Deliveroo emphasised the Applicant’s ability to work for other competitors simultaneously as going against the existence of an employment relationship. The Commission found that in modern times and the prevalence of remote working, this could not prevent the existence of an employment relationship.

Contract terms

The supplier agreements between Deliveroo and the Applicant were said to go to some lengths to establish a relationship of principal and independent contractor. However because Deliveroo was a dominant party and determined the terms of the contract unilaterally, the contracts were not determinative in and of themselves.

Provision of equipment

While the Applicant was required to have his own smartphone and motorcycle for his work with Deliveroo, the Commission stated that it is likely that he would have required a smartphone and vehicle for his own personal use in any event. Therefore, there was no large outlay of capital or investment by the Applicant to complete the work.

Additionally, there is not a high degree of skill or training required to use or operate a vehicle in the performance of the work.

Ability to delegate the work

While the Applicant was expressly permitted to delegate the work, he did not do so and the Commission found that there were clear financial constraints against the Applicant being able to hire any employees to delegate to.

Accordingly, while the capacity to delegate the work was an indicator of an absence of an employment relationship, the Commission found it did not prevent an employment relationship from existing.

Presentation as part of the business

The Commission found that Deliveroo established an expectation that the Applicant would wear Deliveroo branded attire and utilise equipment displaying the Deliveroo logo. He was found to be encouraged to present himself as being a part of the Deliveroo business even if he was not expressly required to do so and this was indicative of him being an employee.

Mode of remuneration

Deliveroo generated an invoice template from the rider app based on the recorded time and date for each delivery and produced the invoices upon which the Applicant was paid.


Deliveroo did not deduct income tax from the Applicant and the Applicant was responsible for all costs associated with maintaining his vehicle and he claimed these expenses as business deductions on his income tax return. The Commission found that this is a factor that points towards the Applicant being an independent contractor.

Distinct trade or profession

The Applicant’s work did not involve any established skills or trades. It was not a distinct profession. However, low skilled work is not necessarily preventative of a finding that the worker is an independent contractor.

Business goodwill

The Commission found that there was no ability for the Applicant to develop any goodwill or tangible value in relation to his work as a food delivery rider that could be considered an indication of the existence of his own entrepreneurial business.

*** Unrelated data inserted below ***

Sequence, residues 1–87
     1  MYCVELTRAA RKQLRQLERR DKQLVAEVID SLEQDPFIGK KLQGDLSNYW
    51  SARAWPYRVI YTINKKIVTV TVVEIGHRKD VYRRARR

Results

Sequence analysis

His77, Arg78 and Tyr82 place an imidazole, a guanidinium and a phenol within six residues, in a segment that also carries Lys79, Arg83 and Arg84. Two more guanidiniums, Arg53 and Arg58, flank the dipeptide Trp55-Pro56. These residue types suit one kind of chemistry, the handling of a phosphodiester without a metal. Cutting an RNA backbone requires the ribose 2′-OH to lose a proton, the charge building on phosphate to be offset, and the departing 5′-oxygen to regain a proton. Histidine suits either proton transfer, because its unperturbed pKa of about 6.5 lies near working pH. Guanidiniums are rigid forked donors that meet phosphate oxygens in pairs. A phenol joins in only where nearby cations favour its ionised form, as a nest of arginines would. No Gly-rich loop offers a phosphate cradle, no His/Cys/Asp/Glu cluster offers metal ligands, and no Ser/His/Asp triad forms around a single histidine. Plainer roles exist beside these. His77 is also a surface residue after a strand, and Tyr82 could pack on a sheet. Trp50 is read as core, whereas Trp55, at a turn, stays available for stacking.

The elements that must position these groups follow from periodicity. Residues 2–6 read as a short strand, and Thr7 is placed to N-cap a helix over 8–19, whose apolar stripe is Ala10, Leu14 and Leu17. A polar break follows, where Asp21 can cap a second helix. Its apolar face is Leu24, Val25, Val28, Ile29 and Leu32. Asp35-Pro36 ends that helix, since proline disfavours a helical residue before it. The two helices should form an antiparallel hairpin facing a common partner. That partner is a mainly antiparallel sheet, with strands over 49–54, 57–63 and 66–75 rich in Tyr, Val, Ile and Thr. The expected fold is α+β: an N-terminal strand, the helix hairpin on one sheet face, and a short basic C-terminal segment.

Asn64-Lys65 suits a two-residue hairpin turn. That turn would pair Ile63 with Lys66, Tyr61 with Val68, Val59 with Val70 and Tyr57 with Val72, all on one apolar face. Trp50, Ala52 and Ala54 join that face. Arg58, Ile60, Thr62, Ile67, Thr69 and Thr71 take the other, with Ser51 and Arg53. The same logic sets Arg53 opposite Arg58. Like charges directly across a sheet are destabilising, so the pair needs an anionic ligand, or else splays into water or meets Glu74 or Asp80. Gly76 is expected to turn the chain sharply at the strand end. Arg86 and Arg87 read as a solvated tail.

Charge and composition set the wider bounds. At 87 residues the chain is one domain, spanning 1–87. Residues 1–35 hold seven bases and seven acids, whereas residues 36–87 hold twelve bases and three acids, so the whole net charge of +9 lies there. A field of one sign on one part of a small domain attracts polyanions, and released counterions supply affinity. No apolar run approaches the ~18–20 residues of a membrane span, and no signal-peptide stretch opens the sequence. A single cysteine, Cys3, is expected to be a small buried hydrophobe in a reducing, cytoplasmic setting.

Recent decisions in the United Kingdom

The Commission considered recent decisions of the United Kingdom Supreme Court in coming to its decision. It was found that the decisions confirmed that the engagement of workers to provide services for digital companies had been challenging to traditional ideas of employment however they referred to a very different statutory regime from that which exists in Australia. Ultimately, the decision was reached applying the precedents which relate to the Australian statutory regime.

Unfair dismissal

Having found that the Applicant was an employee, the Commission then went on to consider whether his dismissal was harsh, unjust or unreasonable.

The Commission found the following:

  1. The Applicant was not provided with any clear expectation of actual delivery times he was required to meet and his slower than average delivery times were therefore not a valid reason for dismissal relating to his conduct.
  2. Due to the gravity of the communication, the Applicant should have had his dismissal conveyed to him personally rather than via email.
  3. The Applicant was not provided with any opportunity to respond to or provide any explanation for the slowness of his delivery times.
  4. The Applicant was not provided with the opportunity to bring a support person to any meeting discussing his potential termination because there was no meeting.
  5. Due to the fact that no actual delivery time expectations were provided to the Applicant, he was not sufficiently warned of his unsatisfactory performance.
  6. Deliveroo is not a small business and therefore has sufficient capacity to adopt more professional employment related procedures and it also had the internal expertise to adopt such procedures.


The Applicant sought reinstatement and coverage of lost wages as a remedy.

The Commission found that in the circumstances given the lack of interaction required between the Applicant and Deliveroo, reinstatement would be an appropriate remedy.

The Applicant’s employment with Deliveroo was therefore reinstated and Deliveroo was ordered to pay him for the period in which he was not employed.


This is an interesting decision which may be appealed.

It shows the importance of considering the overall picture when determining whether a person providing services is an independent contractor or an employee and that control over the delivery of the services is a crucial factor.

If you hire independent contractors, we strongly recommend obtaining legal advice regarding your relationship and what obligations you may have. Similarly, if you are an independent contractor you may have reason to consider your entitlements. We invite you to contact Alexandra Vrdoljak or one of our other experienced lawyers to discuss.